Getting kids to read starts with getting kids to look
- Article by: NORMAN DRAPER
- Star Tribune
- May 13, 2008 - 6:38 PM
To some older readers, "American Born Chinese" might look like a glorified comic book. Its 233 pages are loaded with cartoon panels and dialogue bubbles coming out of the characters' mouths. But in modern literary parlance, it's a "graphic novel," carrying just as much clout among today's readers and critics as the more conventional all-words kind of novel.
What's more, its accessibility made it the choice for teachers and administrators at Brooklyn Park's Champlin Park High School to kick off its "Community Read!" summer reading project. The plan is to have every student, every teacher, every cook, every secretary, every custodian, every administrator, and every other school employee read the book over the summer. Then the school plans to bring author Gene Luen Yang in next fall to talk to students at each grade level about how reading impacted his life and how his life affected his writing the book.
"It is a graphic novel, which is, I think for my generation, a whole new ballgame for us," said Terri Evans, the Champlin Park media specialist who is coordinating the initiative.
"But these kids are really visually literate," Evans said. They can key in well to visual images. ...The research shows [graphic novels] are great for reluctant readers and English-language learners."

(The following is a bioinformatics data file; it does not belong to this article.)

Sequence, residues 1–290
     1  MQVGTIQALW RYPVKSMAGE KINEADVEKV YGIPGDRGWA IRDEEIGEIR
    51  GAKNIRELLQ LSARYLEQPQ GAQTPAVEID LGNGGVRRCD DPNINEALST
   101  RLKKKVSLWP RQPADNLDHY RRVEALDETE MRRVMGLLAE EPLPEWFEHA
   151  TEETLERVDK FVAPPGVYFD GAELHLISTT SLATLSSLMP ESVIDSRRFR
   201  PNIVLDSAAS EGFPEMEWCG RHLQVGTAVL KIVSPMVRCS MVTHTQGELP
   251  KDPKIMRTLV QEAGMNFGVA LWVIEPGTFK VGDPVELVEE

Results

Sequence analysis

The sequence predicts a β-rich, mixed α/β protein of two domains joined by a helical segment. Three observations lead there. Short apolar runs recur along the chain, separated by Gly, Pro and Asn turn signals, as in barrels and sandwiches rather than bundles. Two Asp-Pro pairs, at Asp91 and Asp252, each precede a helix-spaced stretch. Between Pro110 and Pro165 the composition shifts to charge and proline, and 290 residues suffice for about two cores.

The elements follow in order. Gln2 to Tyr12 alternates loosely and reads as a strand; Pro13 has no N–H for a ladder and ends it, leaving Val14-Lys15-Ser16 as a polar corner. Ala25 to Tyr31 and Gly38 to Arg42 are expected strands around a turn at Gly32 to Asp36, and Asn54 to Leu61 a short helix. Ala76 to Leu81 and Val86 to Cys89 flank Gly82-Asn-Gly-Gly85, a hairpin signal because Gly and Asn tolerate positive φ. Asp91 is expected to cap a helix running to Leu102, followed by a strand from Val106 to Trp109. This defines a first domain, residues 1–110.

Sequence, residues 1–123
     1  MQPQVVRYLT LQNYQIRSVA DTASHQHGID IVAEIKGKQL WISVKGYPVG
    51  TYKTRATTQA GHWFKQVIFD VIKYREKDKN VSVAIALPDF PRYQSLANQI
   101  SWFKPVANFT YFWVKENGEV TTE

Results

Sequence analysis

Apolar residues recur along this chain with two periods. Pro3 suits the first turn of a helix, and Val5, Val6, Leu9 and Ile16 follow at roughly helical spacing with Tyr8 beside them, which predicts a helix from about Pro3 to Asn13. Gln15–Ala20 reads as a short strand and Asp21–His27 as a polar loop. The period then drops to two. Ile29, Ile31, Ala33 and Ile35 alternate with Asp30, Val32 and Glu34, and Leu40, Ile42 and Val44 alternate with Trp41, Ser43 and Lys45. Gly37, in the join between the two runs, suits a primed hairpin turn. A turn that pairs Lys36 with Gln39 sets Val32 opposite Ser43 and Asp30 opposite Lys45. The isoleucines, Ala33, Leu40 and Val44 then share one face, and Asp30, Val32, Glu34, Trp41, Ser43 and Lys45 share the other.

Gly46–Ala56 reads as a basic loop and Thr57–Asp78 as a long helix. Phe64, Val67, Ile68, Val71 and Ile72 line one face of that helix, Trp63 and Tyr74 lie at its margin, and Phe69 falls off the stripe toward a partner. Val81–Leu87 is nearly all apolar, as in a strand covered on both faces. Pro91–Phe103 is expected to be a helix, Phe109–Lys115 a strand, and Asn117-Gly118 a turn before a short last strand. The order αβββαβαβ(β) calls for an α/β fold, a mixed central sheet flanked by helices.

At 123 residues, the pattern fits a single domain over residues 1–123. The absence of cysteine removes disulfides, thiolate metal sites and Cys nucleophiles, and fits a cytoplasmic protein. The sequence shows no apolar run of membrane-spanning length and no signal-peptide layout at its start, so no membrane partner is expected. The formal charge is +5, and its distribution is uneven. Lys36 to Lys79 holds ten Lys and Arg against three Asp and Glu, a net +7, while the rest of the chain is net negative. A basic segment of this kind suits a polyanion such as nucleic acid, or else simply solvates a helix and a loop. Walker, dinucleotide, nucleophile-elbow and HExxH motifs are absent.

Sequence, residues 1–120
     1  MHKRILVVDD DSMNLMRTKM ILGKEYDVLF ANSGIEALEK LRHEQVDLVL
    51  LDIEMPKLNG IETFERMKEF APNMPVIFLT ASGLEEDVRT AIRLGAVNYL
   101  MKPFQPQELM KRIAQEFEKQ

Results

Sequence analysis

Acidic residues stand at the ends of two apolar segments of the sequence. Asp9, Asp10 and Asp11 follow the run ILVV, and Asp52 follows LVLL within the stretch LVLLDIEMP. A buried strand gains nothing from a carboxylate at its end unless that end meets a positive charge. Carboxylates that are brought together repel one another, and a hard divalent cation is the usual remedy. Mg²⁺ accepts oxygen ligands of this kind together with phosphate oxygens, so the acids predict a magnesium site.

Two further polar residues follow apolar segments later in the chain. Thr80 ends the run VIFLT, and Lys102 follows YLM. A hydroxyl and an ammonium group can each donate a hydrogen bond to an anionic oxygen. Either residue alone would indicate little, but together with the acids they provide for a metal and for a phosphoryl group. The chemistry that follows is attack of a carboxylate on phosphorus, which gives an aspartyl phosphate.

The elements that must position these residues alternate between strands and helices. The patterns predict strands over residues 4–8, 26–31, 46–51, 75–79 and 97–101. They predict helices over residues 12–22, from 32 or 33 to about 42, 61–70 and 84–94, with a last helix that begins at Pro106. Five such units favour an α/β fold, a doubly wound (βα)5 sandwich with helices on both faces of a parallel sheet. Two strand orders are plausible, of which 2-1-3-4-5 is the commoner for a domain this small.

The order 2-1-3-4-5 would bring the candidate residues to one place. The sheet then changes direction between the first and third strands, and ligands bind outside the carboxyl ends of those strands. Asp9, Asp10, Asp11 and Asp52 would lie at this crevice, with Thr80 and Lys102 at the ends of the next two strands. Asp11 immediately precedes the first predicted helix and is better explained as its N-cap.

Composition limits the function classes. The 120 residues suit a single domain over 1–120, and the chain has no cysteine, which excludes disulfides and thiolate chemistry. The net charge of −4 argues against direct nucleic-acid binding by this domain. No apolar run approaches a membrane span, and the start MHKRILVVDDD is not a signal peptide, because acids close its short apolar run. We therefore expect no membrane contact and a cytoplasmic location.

Certainly, book critics don't dismiss "American Born Chinese" as a mere oversized comic book. Published in 2006, it has garnered a number of awards and was a finalist for the 2006 National Book Award.
Birth of a big idea
"American Born Chinese" was the only graphic novel of six books chosen as finalists for the "Community Read!" program, Evans said. The idea to have everyone at the school read the same book over summer came out of a parent teacher organization meeting in January.
Evans plugged into the U.S. Library of Congress website, where many community reading projects are listed. She came up with a list of 50 books, which a school committee of parents, librarians, teachers, and administrators whittled down to the six finalists. Committee members then read all those books.
There was one major proviso.
"It was contingent on the fact that that the author would visit the school in the fall," Evans said. Authors of four of the six finalists offered to visit. But the combination of the book's accessibility, the author's willingness to visit, and his relatively modest fee made "American Born Chinese" the obvious choice. Committee members also felt the book's focus on the problems of growing up Chinese-American in California would resonate with many students who have also had problems connecting with school.
Evans said the book's publisher offered to pay Yang's travel expenses, leaving the school to pick up his $1,750-a-day fee for two days. The school is seeking donations to help pay this and other expenses: $1,500 for printing fliers, brochures, and bookmarks, and $26,000 for purchasing the 3,500 books needed to ensure that everyone at the school gets a copy.
"Community Read!" is part of a larger effort to get more students to read for pleasure, Evans said.
It's bearing fruit. Champlin Park students have checked out 43,500 books from the school library this year, compared with 12,000 five years ago. Evans said she still wants students to read conventional books, but added that comparing a graphic novel such as "American Born Chinese" to a gigantic comic book misses the point.
"This is much more layered and sophisticated than the comic book is," she said. "Graphic novels aren't about superheroes anymore. They're about serious things that are really happening in our world."
Norman Draper • 612-673-4547
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